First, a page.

Considerations of time and speculative worlds kept coming up this year. Carlo Rovelli’s The Order of Time (Allen Lane) helped in my latest effort to understand entropy, and the meaning of time past, present and future in any story that we may try to tell. With chapter titles like ‘The Inadequacy of Grammar’ and ‘The Scent of Madeleine’, Rovelli presents the science with welcome literary and stylistic clarity. In Richard Powers’ arboreal novel, The Overstory, shortlisted for this year’s Booker Prize, Neelay Mehta dedicates his life to a project of world-building and ‘raising decaying corpses’. Neelay is a computer programmer whose simulations grow into full-blown Earth simulacra that will allow future humans to experience the prelapsarian natural world – before it was so blithely destroyed by our species.
Guides to both the present and the future can come from unlikely places, and this year Russian cosmism continued its foray into the Western mind, thanks, in part, to Russian Cosmism (MIT Press), the first English collection of cosmist writing, edited by Boris Groys. Cosmism was a philosophical and cultural movement that, towards the 19th century, married Christianity with a technological imperative, its central belief being that humanity should find the means to resurrect its dead and house them in outer space. With contributors such as Alexander Bogdanov, Nikolai Fyodorovich Fyodorov and Konstantin Tsiolkovsky attending to the early origins of the Russian space programme, rocketry as well as a proto-transhumanism, it’s easy to see how cosmism’s core interests and relation to time and technological liberation remains of interest for artists such as Trevor Paglen, Hito Steyerl and Anton Vidokle.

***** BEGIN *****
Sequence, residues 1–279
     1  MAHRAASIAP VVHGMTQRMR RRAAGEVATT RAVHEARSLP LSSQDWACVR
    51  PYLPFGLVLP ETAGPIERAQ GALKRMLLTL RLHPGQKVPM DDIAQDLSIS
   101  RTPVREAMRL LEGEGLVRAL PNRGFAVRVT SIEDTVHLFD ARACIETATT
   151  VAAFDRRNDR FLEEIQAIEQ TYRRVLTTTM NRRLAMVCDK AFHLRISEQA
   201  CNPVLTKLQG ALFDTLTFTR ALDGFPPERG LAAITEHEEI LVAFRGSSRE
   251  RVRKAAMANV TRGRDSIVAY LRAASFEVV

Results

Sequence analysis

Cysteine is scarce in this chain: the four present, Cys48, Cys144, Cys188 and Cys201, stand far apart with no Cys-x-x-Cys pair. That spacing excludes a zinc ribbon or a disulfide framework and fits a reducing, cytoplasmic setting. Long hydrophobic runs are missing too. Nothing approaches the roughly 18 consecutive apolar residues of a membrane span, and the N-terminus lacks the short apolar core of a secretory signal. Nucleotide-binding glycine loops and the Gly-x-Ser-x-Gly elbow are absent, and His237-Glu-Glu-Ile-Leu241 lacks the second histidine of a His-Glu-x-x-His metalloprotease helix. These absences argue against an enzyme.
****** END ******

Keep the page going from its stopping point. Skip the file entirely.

Late in the year came a discovery: Stream System is a selection of short stories by Gerald Murnane, who is lauded in his native Australia but little known elsewhere. Compared, by his publishers, to Borges and Calvino, and declared ‘a genius on the level of Beckett’ by Teju Cole, the stories reminded me of some of Roberto Bolaño’s odder narrators. Murnane tells his tales by nesting fictions within other stories or dreams, the prose both self-referential and full of cumulative motifs. His narrators have a Pascalian penchant for staying put. Their travel, instead, is undertaken in the mind, as the elsewheres of Sydney, Tasmania or the exotic locations introduced by the National Geographic produce anxiety and confusion, bringing forth the threshold of dream and fiction.
Annie Ernaux’s The Years (Fitzcarraldo Editions) deals with time and authorship in a collective, oddly two-step manner, as the socio-political developments from the year 1940 to 2006 are portrayed through the diffusion of the writer’s own subjectivity. A similarly collective, radical use of shared memory and everyday commentary is performed by Rob Fitterman’s This Window Makes Me Feel (Ugly Duckling Presse). Finally published in book length form this year, it was written ‘in the long-shadow of 9/11’ and is one of the best, most emphatic and laugh-out-loud uses of appropriation and conceptual poetic techniques I’ve read in a while. This is as much a Whitmanian self-portrait as it is a sea of polyphonic anxieties and pleas for understanding. It is the voice of a nation alone, worried and exhausted, talking to itself on the internet.